Free Markets of <i>Fiqh</i>

Khan L. Ali and M. Ramadan Hisham

in Contemporary Ijtihad

Published by Edinburgh University Press

Published in print April 2011 | ISBN: 9780748641284
Published online March 2012 | e-ISBN: 9780748653256 | DOI:
Free Markets of Fiqh

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This chapter discusses the free markets of fiqh. Since the founding of Islam in the early seventeenth century, Islamic law has developed through free markets of jurisprudence or the iswaq al-fiqh or fiqh markets. When a new legal issue arises that cannot be resolved under the existing body of Islamic law, Muslim opiniojurists provide legal opinions inconsistent with the Qur'an, the Sunnah and the Basic Code. These opinions, or fatwas, compete in the fiqh markets to win over Muslim followers. An opinion that gains the biggest following becomes the rule of fiqh. Before discussing the structure of fiqh markets, the chapter provides an overview of the principle of voluntary compliance, which asserts that no new rule of fiqh, whether adopted by the majority or minority of Muslims, is binding on communities and individuals who decline to accept it. It also introduces the expansion and the dynamics of fiqh markets. The first section of the chapter discusses state jurists. Jurists are employed by Muslim governments to seek guidance and promote policies. Because fiqh markets determine whether official laws and regulations are to be considered Islamic, Muslim government rarely interferes with them in order to maintain its credibility. The second section discusses the organised clergy. In fiqh markets, hierarchically organised clergy is not deemed necessary for the functioning of the fiqhs. While Islam has a strong sense of community, it does not mandate a hierarchical clerical structure to form a community of believers. The third section discusses reasoning methodologies and legal opinions employed by the jurists, while the fourth section discusses the universal and timeless rules of al-fitra (natural law). The fifth section of the chapter discusses the concept of rule selectivity or tarjih, under which Muslims are allowed to select rules from diverse schools of fiqh to fulfil their obligations. Finally, the chapter discusses the discounting of tainted opinions in order to protect the independence and authenticity of fiqh markets.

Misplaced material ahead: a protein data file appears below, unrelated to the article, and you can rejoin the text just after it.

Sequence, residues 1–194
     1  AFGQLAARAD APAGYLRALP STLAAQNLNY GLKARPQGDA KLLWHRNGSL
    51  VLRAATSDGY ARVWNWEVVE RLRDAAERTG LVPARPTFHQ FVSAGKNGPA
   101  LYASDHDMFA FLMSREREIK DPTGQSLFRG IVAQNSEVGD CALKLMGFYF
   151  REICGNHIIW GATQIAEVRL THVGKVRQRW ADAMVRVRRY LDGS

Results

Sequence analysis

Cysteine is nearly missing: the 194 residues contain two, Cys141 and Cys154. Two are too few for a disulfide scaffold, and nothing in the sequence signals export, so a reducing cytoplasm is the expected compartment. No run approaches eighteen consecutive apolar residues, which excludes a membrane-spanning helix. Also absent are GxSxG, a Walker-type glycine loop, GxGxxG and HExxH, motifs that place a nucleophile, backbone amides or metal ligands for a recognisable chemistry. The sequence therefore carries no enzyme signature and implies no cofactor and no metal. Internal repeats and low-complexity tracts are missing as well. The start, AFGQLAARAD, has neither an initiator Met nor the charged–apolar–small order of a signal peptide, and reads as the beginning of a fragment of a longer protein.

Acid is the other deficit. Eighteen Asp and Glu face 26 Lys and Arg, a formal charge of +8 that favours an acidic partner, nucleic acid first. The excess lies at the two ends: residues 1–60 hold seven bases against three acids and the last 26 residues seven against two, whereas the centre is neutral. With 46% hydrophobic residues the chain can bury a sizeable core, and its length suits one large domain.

Keywords: fiqh; fiqh markets; Muslim opiniojurists; fatwas; state jurists; al-fitra; rule of selectivity; tarjih

Chapter.  13203 words. 

Subjects: Society and Culture

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